- Legal Compliances with Food Aggregators: The most important role in the advent of cloud kitchens has been played by them. Listing online food aggregators in your cloud kitchen is critical. The services provided by them are obviously chargeable as commissions due to the order volumes generated by these famous third party platforms. There is a high dependency on food aggregators, one must review each aggregator before going on-board with the said aggregator.
- Inspection by the Government Authorities & particularly the Food Inspector: It becomes vital that these kitchens maintain high standards of health, hygiene and sanitation since the customers cannot visit them. Also Kitchen equipments should be free from faults, there must be safe and efficient disposal of waste products. There can be a surprise visit by the Food Inspector to inspect preparation, proper licensing and whether all the food and safety compliances are met with. So, to evade from any legality it is advised that adequate cleanliness and high-quality food must be present.
- Statutory Penalties: There are various penalties levied in instances like if there is an accident leading to customer injury then a fine of Rs.3 Lakhs reducing it to Rs. 1 Lakhs and in case of death a penalty of Rs. 5 Lakhs has to be paid under FSSAI. In cases of negligence causing injury to the consumer, such person can file an application under Section 82 of Consumer Protection Act, 2019.
- Direct Accountability & Responsibility: The online food kitchens and/or the cloud kitchens are the ones who prepare the food and thus they are directly accountable and responsible for the food made by them. This obligation is inevitable and the online food kitchens and/or the cloud kitchens cannot wash-off their hands from this legal liability.
As cloud kitchens do not have dine-in facility and no physical outlets, it becomes important for them to advertise their kitchen through various ways. One of such ways could be through social media platforms. Nowadays, each and every outlet has its own account and a website to attract the customers. Other ways could be by participating in food festivals, running paid campaigns, putting up food stalls in a local event etc.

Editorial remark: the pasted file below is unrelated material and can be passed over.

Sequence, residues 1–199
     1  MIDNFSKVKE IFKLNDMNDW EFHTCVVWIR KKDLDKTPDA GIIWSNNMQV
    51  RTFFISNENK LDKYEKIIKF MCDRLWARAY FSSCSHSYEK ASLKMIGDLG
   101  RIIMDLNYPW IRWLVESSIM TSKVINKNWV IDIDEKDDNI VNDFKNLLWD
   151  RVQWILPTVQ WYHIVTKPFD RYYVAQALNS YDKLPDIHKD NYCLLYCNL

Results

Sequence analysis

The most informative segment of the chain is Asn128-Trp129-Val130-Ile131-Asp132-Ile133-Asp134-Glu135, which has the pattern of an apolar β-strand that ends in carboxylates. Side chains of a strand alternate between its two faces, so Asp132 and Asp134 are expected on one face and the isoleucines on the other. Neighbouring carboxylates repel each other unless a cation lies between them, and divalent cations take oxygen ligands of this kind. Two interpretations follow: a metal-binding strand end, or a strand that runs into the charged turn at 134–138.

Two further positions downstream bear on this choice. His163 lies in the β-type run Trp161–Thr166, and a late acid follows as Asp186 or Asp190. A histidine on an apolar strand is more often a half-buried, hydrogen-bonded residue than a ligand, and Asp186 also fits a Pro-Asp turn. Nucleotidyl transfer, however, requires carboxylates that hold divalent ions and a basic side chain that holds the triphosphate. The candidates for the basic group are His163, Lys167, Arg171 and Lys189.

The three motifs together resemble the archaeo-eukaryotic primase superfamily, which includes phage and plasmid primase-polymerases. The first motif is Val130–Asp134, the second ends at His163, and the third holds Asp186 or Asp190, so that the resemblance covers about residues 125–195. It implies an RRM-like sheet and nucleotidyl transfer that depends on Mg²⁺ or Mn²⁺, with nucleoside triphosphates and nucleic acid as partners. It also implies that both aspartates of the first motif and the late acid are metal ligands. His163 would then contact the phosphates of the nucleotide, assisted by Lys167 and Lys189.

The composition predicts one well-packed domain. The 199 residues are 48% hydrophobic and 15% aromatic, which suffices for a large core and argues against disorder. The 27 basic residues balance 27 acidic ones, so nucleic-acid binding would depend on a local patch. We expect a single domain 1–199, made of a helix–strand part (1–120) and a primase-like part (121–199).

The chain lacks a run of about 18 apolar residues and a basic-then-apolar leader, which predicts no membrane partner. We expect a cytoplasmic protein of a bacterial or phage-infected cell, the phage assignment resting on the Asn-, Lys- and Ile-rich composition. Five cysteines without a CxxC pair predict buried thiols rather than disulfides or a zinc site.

Home Cloud Kitchens face more challenges than the kitchens set up in commercial areas. What will you cook? Who will be your target customer? How will you deliver the food to them? How much food do you plan to cook in a day? How will you market your cloud kitchen? Where will you procure your raw materials from? Do you have enough place for storage? Do you know how to maintain the required food hygiene standards? Would you need to employ people? Do you know what equipment you would need? But the current pandemic has helped them overcome these challenges. As these kitchens are delivering foods to Covid patients, they have become much popular and people are coming forward to work with them.
At the end it can be easily construed that whether we like it or not, cloud kitchens are here to stay. However, traditional restaurants are not going anywhere. The industry has just been divided into two separate segments: dine-in restaurants and delivery-only restaurants. Thus, a proper roadmap has to be prepared by the cloud kitchens which includes obtaining adequate professional advice from the professional and then should run their business which is well compliant to the statutory and non-statutory laws of the land.
Authored By: Adv. Anant Sharma & Aashita Khandelwal